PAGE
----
HMS Biomedical Informatics Pioneer Named Editor-in-Chief of New AI Journal
Isaac Kohane will lead journal’s foray to illuminate pressing questions in the field of medical AI
At a glance:
New journal aims to generate evidence for medical uses of AI
Properly evaluated AI tools can help inform clinical and regulatory decision-making, which ultimately benefits patients
HMS experts to steer new AI journal as part of journey to transform the field of clinical AI
Isaac Kohane, founding chair of DBMI, will be the inaugural editor-in-chief of NEJM AI,the new AI-themed journal from NEJM Group, the publisher of the New England Journal of Medicine.
The mission of the new journalis to generate and publish rigorous evidence to help researchers, clinicians, health care leaders and policymakers in their efforts to harness the promise of AI to transform medicine. The content will aim to illuminate some of the most critical questions in the field of clinical AI by analyzing emerging evidence in a manner that can help inform clinical and regulatory decision-making.
“The field of AI has reached a crucial inflection point, and medicine can reap tremendous benefits from advances in machine learning and artificial intelligence, as long as these advances are harnessed in an evidence-based, informed, safe, and ethical manner,” said Kohane. “The goal of NEJM AI is to help inform the field to do just that.
“Some of the most pressing questions in medicine can be advanced through the application of AI in the clinic,” he added.
For example, which clinical trial is the best for a patient with a specific type of cancer, based on the tumor’s genetic profile and the patient’s medical history? Which recommended preventive medicine interventions should a patient consider? What is the best AI tool to discern benign skin lesions from the earliest cell mutations portending melanoma for individuals of all skin colors?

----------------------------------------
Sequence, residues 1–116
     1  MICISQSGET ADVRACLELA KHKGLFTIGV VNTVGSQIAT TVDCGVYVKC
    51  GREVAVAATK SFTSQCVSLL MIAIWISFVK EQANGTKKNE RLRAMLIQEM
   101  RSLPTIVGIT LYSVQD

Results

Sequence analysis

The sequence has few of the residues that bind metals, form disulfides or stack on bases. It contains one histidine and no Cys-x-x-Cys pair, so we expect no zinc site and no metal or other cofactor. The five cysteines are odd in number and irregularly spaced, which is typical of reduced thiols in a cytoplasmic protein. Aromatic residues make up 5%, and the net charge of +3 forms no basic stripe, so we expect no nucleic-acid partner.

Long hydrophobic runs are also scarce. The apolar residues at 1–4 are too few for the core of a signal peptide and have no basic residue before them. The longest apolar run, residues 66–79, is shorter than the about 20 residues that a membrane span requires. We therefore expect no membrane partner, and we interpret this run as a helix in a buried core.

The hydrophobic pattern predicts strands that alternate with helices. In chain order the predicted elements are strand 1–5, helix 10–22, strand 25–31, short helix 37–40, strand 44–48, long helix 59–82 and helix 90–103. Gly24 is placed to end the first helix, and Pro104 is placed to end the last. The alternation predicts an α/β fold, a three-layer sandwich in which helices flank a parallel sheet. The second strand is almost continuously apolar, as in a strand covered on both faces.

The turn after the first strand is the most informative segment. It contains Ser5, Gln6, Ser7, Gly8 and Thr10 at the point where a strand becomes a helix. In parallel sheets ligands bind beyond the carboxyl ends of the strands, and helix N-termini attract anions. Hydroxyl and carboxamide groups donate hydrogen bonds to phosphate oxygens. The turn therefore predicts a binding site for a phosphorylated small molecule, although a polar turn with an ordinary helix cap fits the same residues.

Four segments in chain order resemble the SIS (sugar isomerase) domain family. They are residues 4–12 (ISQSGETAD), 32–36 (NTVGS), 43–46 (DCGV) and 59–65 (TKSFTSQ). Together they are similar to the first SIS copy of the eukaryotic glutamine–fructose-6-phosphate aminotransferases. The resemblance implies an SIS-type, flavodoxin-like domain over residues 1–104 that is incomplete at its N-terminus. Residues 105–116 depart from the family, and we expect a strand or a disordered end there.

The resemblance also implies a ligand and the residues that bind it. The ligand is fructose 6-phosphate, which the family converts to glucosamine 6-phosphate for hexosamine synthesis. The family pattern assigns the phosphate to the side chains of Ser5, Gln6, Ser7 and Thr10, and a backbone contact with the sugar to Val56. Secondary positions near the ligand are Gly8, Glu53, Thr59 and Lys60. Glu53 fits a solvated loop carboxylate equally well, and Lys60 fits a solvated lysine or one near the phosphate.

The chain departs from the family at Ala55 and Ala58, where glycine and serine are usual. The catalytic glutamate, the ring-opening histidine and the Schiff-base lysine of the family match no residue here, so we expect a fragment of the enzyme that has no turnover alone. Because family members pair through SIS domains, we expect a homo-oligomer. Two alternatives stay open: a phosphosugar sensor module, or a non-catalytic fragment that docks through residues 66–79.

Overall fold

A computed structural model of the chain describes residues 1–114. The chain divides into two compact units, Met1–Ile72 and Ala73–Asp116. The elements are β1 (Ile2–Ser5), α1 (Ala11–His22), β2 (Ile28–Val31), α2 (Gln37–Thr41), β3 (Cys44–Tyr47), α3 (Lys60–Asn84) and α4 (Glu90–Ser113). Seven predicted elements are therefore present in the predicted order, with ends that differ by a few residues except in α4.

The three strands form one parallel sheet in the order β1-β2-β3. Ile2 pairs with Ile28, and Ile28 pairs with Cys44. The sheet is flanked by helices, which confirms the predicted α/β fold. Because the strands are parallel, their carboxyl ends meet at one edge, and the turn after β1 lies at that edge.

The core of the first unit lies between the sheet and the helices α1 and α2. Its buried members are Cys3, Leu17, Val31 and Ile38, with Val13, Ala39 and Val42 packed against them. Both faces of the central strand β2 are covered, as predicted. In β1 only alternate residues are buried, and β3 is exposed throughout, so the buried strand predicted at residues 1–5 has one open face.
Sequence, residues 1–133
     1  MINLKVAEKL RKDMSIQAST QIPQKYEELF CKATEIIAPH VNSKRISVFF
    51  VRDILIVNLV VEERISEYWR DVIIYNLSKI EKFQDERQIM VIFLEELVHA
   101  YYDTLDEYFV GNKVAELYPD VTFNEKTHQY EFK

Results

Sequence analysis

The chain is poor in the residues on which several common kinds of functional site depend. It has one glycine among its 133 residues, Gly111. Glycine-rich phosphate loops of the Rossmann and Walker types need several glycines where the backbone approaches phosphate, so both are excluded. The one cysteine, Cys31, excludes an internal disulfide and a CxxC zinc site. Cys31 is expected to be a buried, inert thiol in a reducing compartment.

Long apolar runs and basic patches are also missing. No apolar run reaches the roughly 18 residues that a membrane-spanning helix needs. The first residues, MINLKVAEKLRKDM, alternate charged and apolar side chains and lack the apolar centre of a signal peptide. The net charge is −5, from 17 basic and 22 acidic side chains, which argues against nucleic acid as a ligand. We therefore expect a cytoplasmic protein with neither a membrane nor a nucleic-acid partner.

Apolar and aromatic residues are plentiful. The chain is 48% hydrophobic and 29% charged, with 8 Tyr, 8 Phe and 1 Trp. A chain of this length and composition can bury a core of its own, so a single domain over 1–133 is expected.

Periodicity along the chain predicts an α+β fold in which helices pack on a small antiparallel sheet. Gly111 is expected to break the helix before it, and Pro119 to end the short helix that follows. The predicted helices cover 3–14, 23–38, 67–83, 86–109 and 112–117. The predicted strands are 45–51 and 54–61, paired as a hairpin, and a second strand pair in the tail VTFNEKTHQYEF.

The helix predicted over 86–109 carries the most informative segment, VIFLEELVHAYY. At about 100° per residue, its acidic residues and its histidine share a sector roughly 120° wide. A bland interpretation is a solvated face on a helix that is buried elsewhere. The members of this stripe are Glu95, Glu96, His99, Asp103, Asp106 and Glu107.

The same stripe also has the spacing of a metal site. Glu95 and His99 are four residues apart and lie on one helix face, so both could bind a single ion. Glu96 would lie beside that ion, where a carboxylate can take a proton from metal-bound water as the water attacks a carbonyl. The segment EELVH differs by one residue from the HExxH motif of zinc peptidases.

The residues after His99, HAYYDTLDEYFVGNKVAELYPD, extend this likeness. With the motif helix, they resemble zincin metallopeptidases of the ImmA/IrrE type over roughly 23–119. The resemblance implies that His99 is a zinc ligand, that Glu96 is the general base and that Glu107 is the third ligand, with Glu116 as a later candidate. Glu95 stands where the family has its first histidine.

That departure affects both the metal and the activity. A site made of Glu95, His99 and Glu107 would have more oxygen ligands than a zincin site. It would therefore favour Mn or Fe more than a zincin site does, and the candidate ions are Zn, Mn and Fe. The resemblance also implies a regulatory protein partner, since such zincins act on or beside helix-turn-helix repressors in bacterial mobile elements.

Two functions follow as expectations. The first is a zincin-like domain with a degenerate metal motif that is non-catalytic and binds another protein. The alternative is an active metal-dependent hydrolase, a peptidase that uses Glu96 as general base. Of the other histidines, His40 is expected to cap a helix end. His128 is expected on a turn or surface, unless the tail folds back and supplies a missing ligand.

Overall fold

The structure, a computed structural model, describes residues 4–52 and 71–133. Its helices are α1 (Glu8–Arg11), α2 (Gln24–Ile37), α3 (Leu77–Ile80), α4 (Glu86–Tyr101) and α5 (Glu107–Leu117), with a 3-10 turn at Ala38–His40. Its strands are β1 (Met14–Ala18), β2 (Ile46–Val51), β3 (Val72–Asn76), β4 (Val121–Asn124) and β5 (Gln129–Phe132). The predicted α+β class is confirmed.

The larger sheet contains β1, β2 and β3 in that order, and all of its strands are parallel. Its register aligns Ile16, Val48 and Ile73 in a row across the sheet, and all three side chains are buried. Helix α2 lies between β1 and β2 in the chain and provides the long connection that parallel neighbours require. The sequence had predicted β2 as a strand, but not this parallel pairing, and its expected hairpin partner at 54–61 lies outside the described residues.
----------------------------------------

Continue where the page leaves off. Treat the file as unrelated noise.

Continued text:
“Insights into these questions and evaluating rigorously the evidence behind AI tools that purport to address them can help propel the field of clinical AI forward and realize AI’s promise to benefit both patients and clinicians,” said Kohane.
Isaac Kohane discusses efficacy testing of artificial intelligence widgets and his appointment as inaugural editor-in-chief of NEJM AI.
“There is an urgent need for a sophisticated understanding of the myriad applications of artificial intelligence in health care broadly and in clinical encounters specifically,” said George Q. Daley, dean of HMS. “This transformation must start with a rigorous assessment of AI’s promise and limitations in research and clinical care.”
In addition to evaluating emerging research and assessing the evidence behind clinical AI tools and applications, the journal will offer reviews, perspectives, and various educational materials to help inform practicing physicians, clinician leaders interested in applying AI, computer scientists seeking to translate algorithmic advances to clinical practice, and policymakers and regulators.
“The mission of Harvard Medical School is to generate knowledge for the benefit of humanity. The mission of the Department of Biomedical Informatics is to advance the field of artificial intelligence toward improving our understanding of disease, our ability to diagnose disease, and our ability to treat disease by individualizing treatments,” said Kohane. “NEJM AI will be the forum where much of this new knowledge will emerge and get evaluated to inform application on the front lines.”